Structural genomics is the largest contributor of novel structural leverage.

TitleStructural genomics is the largest contributor of novel structural leverage.
Publication TypeJournal Article
Year of Publication2009
AuthorsNair, R, Liu, J, Soong, T-T, Acton, TB, Everett, JK, Kouranov, A, Fiser, A, Godzik, A, Jaroszewski, L, Orengo, C, Montelione, GT, Rost, B
JournalJ Struct Funct Genomics
Date Published2009 Apr
KeywordsComputational Biology, Databases, Protein, Genomics, Nuclear Magnetic Resonance, Biomolecular, Protein Conformation, Proteins, Proteomics

The Protein Structural Initiative (PSI) at the US National Institutes of Health (NIH) is funding four large-scale centers for structural genomics (SG). These centers systematically target many large families without structural coverage, as well as very large families with inadequate structural coverage. Here, we report a few simple metrics that demonstrate how successfully these efforts optimize structural coverage: while the PSI-2 (2005-now) contributed more than 8% of all structures deposited into the PDB, it contributed over 20% of all novel structures (i.e. structures for protein sequences with no structural representative in the PDB on the date of deposition). The structural coverage of the protein universe represented by today's UniProt (v12.8) has increased linearly from 1992 to 2008; structural genomics has contributed significantly to the maintenance of this growth rate. Success in increasing novel leverage (defined in Liu et al. in Nat Biotechnol 25:849-851, 2007) has resulted from systematic targeting of large families. PSI's per structure contribution to novel leverage was over 4-fold higher than that for non-PSI structural biology efforts during the past 8 years. If the success of the PSI continues, it may just take another approximately15 years to cover most sequences in the current UniProt database.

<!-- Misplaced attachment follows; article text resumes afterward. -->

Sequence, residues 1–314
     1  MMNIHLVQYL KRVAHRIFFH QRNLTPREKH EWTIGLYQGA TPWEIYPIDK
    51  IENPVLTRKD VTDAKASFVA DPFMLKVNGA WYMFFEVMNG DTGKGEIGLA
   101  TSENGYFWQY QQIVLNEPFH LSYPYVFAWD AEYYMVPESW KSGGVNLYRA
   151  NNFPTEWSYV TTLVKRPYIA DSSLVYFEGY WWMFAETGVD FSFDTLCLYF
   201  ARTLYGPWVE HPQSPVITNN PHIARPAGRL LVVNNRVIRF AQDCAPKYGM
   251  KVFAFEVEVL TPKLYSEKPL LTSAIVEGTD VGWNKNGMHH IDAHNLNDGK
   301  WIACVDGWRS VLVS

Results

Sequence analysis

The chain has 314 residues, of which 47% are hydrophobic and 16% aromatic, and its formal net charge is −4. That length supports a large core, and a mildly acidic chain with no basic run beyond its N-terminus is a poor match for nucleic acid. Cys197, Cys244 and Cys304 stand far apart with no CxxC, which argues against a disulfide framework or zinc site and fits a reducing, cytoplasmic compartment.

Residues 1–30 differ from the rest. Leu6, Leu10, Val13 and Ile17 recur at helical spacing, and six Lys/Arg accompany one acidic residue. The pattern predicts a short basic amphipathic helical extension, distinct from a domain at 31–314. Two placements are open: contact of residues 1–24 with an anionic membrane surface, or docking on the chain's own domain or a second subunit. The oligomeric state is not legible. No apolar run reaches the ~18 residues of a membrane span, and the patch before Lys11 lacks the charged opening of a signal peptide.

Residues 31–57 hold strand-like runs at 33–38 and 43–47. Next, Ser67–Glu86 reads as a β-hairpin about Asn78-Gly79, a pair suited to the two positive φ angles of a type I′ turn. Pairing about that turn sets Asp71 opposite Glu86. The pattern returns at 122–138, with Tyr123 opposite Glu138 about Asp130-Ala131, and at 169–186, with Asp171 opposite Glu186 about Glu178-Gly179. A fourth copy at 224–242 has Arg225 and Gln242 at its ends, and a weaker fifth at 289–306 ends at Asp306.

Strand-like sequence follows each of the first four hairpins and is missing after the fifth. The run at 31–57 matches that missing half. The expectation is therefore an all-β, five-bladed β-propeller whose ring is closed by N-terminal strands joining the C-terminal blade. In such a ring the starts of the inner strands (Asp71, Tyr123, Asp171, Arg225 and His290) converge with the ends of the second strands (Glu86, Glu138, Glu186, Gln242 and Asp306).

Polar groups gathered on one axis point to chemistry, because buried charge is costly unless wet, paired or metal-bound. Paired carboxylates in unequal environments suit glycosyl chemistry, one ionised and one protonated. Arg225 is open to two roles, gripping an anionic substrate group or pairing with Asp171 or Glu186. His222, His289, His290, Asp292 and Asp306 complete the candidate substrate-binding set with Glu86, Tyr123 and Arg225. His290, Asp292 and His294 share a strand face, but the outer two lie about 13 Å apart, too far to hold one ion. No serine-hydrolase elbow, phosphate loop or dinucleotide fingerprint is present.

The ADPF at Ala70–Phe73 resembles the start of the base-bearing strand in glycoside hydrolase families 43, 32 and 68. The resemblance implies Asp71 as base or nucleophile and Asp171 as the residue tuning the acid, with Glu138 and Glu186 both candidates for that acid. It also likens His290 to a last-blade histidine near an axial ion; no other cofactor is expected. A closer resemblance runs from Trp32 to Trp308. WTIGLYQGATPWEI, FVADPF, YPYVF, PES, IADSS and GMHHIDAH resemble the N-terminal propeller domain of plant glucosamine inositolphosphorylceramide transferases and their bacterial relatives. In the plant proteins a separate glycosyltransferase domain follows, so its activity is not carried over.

Alternate JournalJ. Struct. Funct. Genomics
PubMed ID19194785
PubMed Central IDPMC2705706
Grant ListU54-GM074958-01 / GM / NIGMS NIH HHS / United States